Pets may be one of the biggest destructive forces in a home, but water takes first prize. If you do not control the water around your property, it will do damage. Grading (which is the ground slope around your home) seeks to find a level and you will have to maintain it. Make sure there is adequate slope away from house while at once making sure that the grading (ground) does not reach the level of the siding. If you live next to a hill, make sure you have, maintain, or create a path for water to travel around the home. The importance of water control around your property cannot be stressed enough.
The age of the house can help determine the extent of sewer maintenance. Every house should have a sewer scope, especially if the house is older than 1990. Sewer line replacement is not what I call fun money. An older home will (many times) have older sewer lines, older floral growth, and the closer you are to the mountains, plenty of movement. Find out before you buy what the pipe looks like under the ground.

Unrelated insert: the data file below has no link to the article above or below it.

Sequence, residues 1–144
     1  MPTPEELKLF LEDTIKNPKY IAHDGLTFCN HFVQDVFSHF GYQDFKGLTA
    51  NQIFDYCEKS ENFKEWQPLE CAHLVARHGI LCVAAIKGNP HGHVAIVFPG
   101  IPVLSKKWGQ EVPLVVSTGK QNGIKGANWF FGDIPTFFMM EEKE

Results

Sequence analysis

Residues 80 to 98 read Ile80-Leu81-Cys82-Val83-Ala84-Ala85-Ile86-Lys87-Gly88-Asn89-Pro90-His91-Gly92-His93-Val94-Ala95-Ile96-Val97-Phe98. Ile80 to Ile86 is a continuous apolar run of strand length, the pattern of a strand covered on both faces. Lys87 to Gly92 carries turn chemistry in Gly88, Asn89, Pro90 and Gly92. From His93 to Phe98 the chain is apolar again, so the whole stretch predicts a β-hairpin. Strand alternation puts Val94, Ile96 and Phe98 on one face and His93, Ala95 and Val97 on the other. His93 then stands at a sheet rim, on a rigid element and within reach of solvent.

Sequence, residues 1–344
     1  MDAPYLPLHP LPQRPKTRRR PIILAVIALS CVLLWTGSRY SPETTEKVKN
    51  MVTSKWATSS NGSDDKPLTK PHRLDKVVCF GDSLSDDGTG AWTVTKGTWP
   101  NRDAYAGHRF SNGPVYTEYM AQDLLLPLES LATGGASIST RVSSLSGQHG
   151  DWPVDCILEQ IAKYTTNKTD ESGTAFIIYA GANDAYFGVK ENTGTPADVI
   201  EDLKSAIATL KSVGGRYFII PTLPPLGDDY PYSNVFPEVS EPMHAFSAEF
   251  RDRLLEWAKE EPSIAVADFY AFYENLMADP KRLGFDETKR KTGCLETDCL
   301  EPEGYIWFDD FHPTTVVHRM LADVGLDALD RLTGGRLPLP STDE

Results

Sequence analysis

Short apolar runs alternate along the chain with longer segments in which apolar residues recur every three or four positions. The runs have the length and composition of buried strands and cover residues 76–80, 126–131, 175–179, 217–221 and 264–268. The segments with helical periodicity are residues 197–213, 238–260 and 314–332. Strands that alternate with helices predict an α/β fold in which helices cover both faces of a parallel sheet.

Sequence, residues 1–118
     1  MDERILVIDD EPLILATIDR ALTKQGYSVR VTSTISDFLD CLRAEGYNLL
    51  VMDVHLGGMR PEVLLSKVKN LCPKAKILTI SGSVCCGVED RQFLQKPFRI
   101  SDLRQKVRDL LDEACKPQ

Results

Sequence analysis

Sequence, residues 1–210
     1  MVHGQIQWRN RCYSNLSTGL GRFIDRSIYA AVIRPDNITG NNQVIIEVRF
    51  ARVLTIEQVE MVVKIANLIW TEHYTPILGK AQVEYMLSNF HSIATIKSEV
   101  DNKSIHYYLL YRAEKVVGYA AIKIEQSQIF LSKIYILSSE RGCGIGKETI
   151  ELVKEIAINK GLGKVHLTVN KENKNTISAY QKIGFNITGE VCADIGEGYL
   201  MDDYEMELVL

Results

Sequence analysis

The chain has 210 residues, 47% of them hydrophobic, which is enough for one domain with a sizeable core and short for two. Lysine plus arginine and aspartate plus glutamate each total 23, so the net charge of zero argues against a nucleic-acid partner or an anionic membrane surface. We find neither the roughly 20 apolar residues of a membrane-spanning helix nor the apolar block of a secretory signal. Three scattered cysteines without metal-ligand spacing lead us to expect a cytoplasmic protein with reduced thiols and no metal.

8. Deck maintenance, 1-3 years/ Deck and fence replacement, 15 -20 years
Another item most often forgotten are the condition of decks and fences. Staining, or otherwise water proofing the exterior wood goes a long way to extending wood life. This should be maintained every year as needed. Once you pay to have either one replaced, your memory on their maintenance and upkeep will improve dramatically.
9. Furnace 25 years